The study, covering 9,442 slayings, traced the handling of cases through each step of the criminal justice system. Excluded from the study were accidental, vehicular and justifiable homicides.
The study examined whether race, media attention and the class of victims and defendants had any bearing on outcomes. It also studied the role of police agencies and courthouses.
The analysis was conducted on databases created from a variety of sources. Data about victims, including race, largely was obtained from the county coroner's office and the state health department. Many crime details, such as the type of slaying, were secured through the state Department of Justice.
No agency keeps a comprehensive database that tracks the details of all homicide prosecutions. So the newspaper created its own master list of defendants, reconciling computerized lists from the Superior Court, the municipal courts and the district attorney. Then a team of researchers, supervised by staff writers Ted Rohrlich and Fredric N. Tulsky, collected and coded information from more than 5,000 court files.
The study also examined which homicides received Times coverage during the five-year period. For comparison, it looked at homicide coverage by eight suburban newspapers during a two-month period.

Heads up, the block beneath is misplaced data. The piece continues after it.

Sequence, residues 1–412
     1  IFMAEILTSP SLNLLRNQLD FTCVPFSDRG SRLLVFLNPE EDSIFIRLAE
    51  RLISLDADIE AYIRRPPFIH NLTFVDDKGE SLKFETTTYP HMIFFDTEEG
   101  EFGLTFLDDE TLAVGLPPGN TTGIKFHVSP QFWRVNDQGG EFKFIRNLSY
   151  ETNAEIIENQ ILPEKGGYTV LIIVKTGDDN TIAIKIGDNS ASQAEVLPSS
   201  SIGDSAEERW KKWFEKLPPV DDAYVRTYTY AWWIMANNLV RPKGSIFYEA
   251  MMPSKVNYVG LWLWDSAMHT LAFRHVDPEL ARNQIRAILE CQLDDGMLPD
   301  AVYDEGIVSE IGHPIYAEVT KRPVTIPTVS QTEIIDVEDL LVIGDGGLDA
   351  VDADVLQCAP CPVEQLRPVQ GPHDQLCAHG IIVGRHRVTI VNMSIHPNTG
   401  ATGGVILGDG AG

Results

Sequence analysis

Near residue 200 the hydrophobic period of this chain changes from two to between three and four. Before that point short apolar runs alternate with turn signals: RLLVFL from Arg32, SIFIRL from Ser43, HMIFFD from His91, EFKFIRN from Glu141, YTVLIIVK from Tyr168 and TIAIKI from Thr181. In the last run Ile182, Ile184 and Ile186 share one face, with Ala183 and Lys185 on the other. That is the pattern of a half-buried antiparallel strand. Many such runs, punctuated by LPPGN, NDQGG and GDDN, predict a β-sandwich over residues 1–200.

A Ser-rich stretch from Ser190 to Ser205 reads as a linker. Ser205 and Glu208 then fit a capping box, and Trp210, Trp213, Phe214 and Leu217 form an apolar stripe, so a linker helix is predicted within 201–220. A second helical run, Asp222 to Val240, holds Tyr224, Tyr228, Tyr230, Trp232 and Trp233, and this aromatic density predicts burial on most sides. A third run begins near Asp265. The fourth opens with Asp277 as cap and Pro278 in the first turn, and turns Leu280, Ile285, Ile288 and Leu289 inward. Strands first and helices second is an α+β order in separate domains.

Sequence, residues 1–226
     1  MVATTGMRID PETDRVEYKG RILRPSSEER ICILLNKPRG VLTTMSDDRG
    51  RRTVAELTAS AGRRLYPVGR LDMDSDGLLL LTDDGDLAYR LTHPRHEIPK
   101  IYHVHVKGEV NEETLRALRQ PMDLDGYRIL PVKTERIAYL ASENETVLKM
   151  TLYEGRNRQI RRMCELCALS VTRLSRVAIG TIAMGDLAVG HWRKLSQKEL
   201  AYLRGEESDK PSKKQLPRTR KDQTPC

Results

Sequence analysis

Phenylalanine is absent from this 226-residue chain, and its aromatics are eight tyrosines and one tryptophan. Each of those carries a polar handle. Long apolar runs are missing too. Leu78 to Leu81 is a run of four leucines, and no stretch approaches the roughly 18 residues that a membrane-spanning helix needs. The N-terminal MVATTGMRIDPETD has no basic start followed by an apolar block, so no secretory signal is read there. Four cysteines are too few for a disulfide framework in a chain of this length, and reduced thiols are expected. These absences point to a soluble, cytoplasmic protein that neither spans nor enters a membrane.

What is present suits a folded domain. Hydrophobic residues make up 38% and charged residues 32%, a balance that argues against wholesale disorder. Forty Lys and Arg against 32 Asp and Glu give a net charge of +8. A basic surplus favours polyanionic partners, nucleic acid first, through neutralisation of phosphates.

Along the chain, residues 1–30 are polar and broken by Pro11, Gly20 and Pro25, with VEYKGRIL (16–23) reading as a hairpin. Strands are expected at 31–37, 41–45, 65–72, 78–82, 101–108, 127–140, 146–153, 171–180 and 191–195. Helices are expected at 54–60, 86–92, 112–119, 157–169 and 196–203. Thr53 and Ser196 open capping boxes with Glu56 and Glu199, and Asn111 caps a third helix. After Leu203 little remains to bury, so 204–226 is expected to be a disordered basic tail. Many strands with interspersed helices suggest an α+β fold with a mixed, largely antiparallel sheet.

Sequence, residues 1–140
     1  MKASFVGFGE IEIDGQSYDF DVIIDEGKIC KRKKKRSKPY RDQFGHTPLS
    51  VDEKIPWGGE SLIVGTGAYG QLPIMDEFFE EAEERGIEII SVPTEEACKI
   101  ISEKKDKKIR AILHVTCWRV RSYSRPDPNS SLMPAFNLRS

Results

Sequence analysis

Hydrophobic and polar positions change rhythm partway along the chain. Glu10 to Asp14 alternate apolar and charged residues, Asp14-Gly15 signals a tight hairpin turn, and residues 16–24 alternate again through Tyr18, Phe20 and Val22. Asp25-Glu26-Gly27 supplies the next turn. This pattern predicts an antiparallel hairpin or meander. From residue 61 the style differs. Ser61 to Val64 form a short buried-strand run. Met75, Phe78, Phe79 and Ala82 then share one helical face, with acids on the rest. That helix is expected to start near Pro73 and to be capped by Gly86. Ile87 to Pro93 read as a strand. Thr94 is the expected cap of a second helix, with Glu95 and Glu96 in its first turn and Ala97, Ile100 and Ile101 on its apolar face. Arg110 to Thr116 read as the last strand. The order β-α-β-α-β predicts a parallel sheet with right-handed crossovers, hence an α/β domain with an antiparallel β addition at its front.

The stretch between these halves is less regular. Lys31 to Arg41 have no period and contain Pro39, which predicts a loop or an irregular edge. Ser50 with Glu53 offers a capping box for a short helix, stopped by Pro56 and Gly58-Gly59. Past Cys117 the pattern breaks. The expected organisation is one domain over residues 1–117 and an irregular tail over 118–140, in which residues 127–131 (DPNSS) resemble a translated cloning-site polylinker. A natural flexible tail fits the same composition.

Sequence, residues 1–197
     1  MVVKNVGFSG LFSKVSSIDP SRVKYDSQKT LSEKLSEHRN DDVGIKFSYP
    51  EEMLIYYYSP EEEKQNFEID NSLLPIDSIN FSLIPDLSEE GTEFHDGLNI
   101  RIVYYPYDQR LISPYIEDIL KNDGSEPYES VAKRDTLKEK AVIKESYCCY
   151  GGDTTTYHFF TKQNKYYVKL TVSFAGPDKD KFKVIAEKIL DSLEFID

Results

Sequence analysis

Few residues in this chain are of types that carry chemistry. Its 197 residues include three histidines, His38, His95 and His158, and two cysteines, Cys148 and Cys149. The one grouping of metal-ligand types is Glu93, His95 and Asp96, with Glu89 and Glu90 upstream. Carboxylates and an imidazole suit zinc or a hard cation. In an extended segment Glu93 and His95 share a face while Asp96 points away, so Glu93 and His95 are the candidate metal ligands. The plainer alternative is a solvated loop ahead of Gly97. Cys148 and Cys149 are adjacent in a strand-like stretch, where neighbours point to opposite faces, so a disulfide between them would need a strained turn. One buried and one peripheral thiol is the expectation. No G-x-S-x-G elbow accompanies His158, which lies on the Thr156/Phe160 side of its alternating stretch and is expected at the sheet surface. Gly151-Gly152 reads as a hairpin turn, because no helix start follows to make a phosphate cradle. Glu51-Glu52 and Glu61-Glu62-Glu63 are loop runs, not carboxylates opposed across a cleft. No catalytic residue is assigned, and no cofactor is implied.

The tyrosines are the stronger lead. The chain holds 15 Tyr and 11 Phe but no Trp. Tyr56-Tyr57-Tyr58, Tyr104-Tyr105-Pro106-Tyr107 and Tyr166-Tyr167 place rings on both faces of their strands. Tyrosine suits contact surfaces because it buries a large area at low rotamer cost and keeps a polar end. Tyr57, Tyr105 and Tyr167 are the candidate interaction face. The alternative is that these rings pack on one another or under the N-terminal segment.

Databases were constructed and merged by Richard O'Reilly, director of computer analysis, and Sandra Poindexter, a data analyst. Professor Richard A. Berk, director of the UCLA Statistical Consulting Center and an expert on criminal justice, analyzed the data. Graduate student Cathie Lee trained court researchers and assisted Berk. Dwight Morris of the Campaign Study Group in Virginia served as a consultant on the project.
Editorial researcher Nona Yates and former librarian Mary Edwards, who supervised the media study, contributed to the project. Court data was collected by freelance researchers Christina Verdin, Gary Tharp, Colleen Lacey, John Weems, Jon Garcia, Roger Teft, Christina Chang, John Gonzales, Louisa Toot, Chris Bates, Nicole Doll and Ty Brown.
Interns Erin Texeira, Antonio Olivo, Margaret Ramirez, Ealena Callender, Paul Johnson, Lorenza Munoz, Jose Cardenas, Emi Endo and Kenneth Chang helped obtain data from police divisions concerning case outcomes.
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Outcomes: Police Agencies